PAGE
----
Considerable controversy exists over the purported role of obesity in causing hyperglycemia, hyperlipemia, hyperinsulinemia, and insulin resistance; and the potential beneficial effects of weight reduction remain incompletely defined. Hypertriglyceridemia is one of the metabolic abnormalities proposed to accompany obesity, and in order to help explain the mechanisms leading to this abnormality we have proposed the following sequential hypothesis: insulin resistance --> hyperinsulinemia --> accelerated hepatic triglyceride(TG) production --> elevated plasma TG concentrations. To test this hypothesis and to gain insight into both the possible role of obesity in causing the above metabolic abnormalities and the potential benefit of weight reduction we studied the effects of weight loss on various aspects of carbohydrate and lipid metabolism in a group of 36 normal and hyperlipoproteinemic subjects. Only weak to absent correlations (r = 0.03 - 0.46) were noted between obesity and the metabolic variables measured. This points out that in our study group obesity cannot be the sole, or even the major, cause of these abnormalities in the first place. Further, we have observed marked decreases after weight reduction in fasting plasma TG (mean value: pre-weight reduction, 319 mg/100 ml; post-weight reduction, 180 mg/100 ml) and cholesterol (mean values: pre-weight reduction, 282 mg/100 ml; post-weight reduction, 223 mg/100 ml) levels, with a direct relationship between the magnitude of the fall in plasma lipid values and the height of the initial plasma TG level. We have also noted significant decreases after weight reduction in the insulin and glucose responses during the oral glucose tolerance test (37% decrease and 12% decrease, respectively). Insulin and glucose responses to liquid food before and after weight reduction were also measured and the overall post-weight reduction decrease in insulin response was 48% while the glucose response was relatively unchanged. In a subgroup of patients we studied both the degree of cellular insulin resistance and the rate of hepatic very low density (VLDL) TG production before and after weight reduction. These subjects demonstrated significant decreases after weight reduction in both degree of insulin resistance (33% decrease) and VLDL-TG production rates (40% decrease). Thus, weight reduction has lowered each of the antecedent variables (insulin resistance, hyperinsulinemia, and VLDL-TG production) that according to the above hypothesis lead to hypertriglyceridemia, and we believe the overall scheme is greatly strengthened. Furthermore, the consistent decreases in plasma TG and cholesterol levels seen in all subjects lead us to conclude that weight reduction is an important therapeutic modality for patients with endogenous hypertriglyceridemia.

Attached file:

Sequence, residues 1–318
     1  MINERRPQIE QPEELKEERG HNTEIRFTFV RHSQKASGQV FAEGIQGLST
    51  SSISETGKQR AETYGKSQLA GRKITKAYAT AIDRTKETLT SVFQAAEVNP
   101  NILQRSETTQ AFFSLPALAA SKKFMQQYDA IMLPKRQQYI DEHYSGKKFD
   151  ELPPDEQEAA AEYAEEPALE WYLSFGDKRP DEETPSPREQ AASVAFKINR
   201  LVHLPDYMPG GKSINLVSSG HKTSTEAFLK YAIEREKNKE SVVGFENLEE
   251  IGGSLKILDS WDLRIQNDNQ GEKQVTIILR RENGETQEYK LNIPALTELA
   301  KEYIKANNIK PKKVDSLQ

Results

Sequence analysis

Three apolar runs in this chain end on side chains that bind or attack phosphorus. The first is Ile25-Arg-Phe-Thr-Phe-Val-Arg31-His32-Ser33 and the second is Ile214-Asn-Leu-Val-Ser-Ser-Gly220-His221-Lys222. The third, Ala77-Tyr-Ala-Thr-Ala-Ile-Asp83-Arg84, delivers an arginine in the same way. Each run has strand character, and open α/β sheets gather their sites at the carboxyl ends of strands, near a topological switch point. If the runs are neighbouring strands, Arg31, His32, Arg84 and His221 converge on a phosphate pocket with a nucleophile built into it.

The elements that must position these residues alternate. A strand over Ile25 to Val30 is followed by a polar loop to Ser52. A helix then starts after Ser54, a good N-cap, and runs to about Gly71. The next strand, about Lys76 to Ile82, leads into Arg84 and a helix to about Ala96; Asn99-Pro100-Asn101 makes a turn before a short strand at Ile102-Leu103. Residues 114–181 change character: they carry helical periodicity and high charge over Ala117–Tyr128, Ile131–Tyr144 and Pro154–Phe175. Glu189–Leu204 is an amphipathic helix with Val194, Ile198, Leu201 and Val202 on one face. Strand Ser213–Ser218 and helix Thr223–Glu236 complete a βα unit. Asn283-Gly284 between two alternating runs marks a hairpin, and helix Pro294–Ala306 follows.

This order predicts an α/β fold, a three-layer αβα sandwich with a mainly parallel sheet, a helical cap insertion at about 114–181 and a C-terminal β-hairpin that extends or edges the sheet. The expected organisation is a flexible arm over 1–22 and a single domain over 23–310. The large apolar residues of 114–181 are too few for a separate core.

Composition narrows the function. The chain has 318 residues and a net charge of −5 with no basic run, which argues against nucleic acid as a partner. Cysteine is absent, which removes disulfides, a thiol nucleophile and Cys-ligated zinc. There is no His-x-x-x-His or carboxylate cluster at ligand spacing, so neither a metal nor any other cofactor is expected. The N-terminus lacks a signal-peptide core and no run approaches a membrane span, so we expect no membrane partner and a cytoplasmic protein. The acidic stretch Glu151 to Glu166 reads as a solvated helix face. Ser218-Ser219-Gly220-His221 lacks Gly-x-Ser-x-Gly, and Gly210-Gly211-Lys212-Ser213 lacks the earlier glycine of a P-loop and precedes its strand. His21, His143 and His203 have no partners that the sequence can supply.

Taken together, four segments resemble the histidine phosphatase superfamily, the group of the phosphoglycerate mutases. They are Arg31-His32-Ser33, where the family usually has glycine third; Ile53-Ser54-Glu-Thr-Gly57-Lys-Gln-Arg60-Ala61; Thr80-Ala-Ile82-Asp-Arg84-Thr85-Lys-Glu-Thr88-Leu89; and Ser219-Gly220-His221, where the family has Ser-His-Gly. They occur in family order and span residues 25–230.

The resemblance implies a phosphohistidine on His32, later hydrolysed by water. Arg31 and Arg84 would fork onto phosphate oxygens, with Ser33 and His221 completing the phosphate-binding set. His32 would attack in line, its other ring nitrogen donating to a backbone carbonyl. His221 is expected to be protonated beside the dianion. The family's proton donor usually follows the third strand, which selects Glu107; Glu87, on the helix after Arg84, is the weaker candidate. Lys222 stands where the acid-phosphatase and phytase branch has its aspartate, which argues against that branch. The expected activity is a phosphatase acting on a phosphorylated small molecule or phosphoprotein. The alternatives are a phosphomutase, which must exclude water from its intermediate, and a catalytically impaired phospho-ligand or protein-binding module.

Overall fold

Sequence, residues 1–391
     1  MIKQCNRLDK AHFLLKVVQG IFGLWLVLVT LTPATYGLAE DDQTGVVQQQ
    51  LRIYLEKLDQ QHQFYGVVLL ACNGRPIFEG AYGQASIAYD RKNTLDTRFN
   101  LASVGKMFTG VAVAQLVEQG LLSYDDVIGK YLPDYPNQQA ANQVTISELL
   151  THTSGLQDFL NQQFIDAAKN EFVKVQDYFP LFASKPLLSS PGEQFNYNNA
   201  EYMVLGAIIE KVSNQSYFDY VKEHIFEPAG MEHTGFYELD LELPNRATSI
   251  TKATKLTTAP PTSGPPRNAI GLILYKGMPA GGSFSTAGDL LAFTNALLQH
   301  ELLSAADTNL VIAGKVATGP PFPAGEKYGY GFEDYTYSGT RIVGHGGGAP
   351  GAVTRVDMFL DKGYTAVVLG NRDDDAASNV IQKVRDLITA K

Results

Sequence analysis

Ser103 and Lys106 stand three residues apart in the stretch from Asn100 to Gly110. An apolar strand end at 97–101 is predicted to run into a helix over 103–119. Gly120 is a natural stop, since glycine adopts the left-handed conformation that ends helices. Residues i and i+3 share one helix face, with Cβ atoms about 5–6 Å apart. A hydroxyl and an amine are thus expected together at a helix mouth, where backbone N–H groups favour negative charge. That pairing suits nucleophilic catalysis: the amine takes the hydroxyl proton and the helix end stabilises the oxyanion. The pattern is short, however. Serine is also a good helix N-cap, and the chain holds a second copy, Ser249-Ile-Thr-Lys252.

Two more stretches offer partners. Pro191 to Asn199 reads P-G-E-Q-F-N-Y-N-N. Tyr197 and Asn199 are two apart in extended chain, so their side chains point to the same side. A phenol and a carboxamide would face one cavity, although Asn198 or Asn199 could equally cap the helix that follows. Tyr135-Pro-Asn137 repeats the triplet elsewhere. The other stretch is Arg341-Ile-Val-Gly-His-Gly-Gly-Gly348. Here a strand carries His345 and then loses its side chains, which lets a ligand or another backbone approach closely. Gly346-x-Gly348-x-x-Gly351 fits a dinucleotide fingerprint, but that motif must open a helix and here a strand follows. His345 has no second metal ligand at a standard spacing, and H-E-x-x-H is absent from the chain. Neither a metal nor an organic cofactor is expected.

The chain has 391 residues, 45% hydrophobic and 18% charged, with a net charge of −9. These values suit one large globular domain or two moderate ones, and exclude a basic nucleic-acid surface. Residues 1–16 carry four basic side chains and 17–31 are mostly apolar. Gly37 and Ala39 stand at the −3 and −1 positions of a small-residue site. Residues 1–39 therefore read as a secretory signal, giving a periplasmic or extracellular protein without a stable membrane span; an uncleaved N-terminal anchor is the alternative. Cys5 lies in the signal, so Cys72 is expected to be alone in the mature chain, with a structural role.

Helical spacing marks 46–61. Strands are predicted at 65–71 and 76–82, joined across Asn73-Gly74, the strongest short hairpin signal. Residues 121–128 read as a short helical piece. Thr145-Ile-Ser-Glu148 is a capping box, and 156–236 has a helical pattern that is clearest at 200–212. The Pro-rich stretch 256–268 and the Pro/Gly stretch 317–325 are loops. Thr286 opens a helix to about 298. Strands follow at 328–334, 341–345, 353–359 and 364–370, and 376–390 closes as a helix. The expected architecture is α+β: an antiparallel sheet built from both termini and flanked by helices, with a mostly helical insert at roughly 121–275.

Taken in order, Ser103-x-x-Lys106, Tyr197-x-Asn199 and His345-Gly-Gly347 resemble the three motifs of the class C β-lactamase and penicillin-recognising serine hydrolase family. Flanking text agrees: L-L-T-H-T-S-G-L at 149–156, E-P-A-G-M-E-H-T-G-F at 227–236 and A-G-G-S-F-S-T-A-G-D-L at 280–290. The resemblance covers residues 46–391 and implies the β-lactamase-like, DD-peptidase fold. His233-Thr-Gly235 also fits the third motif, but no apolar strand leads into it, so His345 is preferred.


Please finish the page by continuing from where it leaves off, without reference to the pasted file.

http://www.ncbi.nlm.nih.gov/pubmed/3546 ... t=Abstract